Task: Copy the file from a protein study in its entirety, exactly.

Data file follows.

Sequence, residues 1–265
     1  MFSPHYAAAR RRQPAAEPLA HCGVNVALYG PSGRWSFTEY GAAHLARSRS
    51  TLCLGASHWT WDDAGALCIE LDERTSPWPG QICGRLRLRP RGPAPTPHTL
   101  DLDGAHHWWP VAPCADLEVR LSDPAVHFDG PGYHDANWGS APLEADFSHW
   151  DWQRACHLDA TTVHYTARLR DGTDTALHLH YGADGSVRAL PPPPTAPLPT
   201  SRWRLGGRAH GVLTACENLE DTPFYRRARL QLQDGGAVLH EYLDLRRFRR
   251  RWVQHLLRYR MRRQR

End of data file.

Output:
Sequence, residues 1–265
     1  MFSPHYAAAR RRQPAAEPLA HCGVNVALYG PSGRWSFTEY GAAHLARSRS
    51  TLCLGASHWT WDDAGALCIE LDERTSPWPG QICGRLRLRP RGPAPTPHTL
   101  DLDGAHHWWP VAPCADLEVR LSDPAVHFDG PGYHDANWGS APLEADFSHW
   151  DWQRACHLDA TTVHYTARLR DGTDTALHLH YGADGSVRAL PPPPTAPLPT
   201  SRWRLGGRAH GVLTACENLE DTPFYRRARL QLQDGGAVLH EYLDLRRFRR
   251  RWVQHLLRYR MRRQR